From overlooking key issues to making missteps in negotiations, there are mistakes to avoid when buying a second business. In this article, you’ll learn about some of the most common mistakes buyers make. You’ll also find some actionable advice you can use to navigate around the pitfalls.
Entering the process without a clear objective
Often, prospective buyers begin their search because they’ve heard of others’ successes in buying a second business that’s compatible with their first.
While the advantages to this approach can be great, it’s important that you
take the time to assess whether acquisition is a choice that aligns with your business’s needs—or your personal investment goals—and your ability to invest the time and resources that are required to succeed.
This guide can help you firm your objectives:
Underestimating the work that goes into buying a business
Many business owners find that it takes up to 12 months to source the right second business. Some search for two years or more. If you’re determined to buy a business, you should recognize that the process can be long and complicated. Plan to spend months reviewing business listings, signing non-disclosure agreements, and reviewing the financials and practices of multiple businesses before settling on a target and completing your acquisition.
These two articles can help you set yourself up for success:
Forgetting to think like a seller
Buyers can fair far better in negotiations by considering a seller’s needs and goals alongside their own. Put this concept to work in your negotiations by considering a seller’s attachment to his or her business and avoiding harsh criticisms and shows of disrespect when discussing the business’s drawbacks.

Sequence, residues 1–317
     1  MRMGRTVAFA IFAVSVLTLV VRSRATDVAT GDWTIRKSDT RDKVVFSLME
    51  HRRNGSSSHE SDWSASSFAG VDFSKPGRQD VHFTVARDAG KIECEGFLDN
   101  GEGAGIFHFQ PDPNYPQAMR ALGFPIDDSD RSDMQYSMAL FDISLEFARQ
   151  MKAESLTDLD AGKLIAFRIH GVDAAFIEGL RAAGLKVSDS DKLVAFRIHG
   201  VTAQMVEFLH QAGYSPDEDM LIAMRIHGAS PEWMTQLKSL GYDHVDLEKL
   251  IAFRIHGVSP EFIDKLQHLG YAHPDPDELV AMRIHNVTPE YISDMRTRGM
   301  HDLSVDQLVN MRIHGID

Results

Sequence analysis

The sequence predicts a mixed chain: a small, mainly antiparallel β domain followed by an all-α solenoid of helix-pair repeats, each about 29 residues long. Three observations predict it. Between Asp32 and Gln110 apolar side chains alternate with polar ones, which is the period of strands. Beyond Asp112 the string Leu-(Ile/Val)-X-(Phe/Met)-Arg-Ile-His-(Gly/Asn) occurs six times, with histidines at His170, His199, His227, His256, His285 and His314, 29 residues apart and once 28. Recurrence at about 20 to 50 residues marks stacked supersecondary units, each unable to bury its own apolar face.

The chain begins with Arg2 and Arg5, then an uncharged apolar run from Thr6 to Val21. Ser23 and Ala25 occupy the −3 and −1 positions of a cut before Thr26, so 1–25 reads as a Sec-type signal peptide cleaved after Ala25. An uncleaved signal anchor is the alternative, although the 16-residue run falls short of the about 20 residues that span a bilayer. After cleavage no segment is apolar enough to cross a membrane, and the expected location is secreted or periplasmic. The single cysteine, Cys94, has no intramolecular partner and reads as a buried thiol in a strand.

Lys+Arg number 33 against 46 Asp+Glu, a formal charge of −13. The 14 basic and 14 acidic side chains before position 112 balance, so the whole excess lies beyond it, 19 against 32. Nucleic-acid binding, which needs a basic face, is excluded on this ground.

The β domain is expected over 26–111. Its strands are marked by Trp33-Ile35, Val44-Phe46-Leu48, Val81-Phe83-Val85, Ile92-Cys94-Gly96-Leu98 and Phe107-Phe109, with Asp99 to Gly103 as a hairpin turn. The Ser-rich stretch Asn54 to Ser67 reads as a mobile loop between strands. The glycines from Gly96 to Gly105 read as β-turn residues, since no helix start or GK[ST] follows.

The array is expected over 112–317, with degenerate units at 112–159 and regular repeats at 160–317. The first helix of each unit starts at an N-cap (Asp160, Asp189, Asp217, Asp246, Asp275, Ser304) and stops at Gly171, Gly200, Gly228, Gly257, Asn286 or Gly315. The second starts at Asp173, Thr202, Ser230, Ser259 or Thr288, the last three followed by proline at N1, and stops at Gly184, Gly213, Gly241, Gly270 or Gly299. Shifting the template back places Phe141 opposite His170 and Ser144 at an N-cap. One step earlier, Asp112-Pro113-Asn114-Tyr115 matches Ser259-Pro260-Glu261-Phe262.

You should also try to connect with the seller and build a positive working relationship that’ll serve you both well as you discuss confidential matters and negotiate terms. By establishing a good working dialogue, you may access better information, and you’ll be able to discuss the business’s blind spots and attempts to work around them.
This guide can help you learn more about this part of the acquisition process:
Accepting the success of a business at face value
It’s a broker’s job to present a seller’s business in the best possible light. Here are two tactics many take to do this:
By working with an accountant, you’ll be able to spot these moves and discover irregular financial behaviors that may signal trouble in a seemingly good business.
Learn how to find a great accountant with this guide:
Failing to assess the seller’s base of customers
As you may know, many small business owners cultivate sales among their personal base of contacts. While these sales are completely appropriate, you should be concerned if a business’s sales depend on the relationships that existed between the seller and the business’s customers—and further, that the customer base may disappear when the owner exits the business.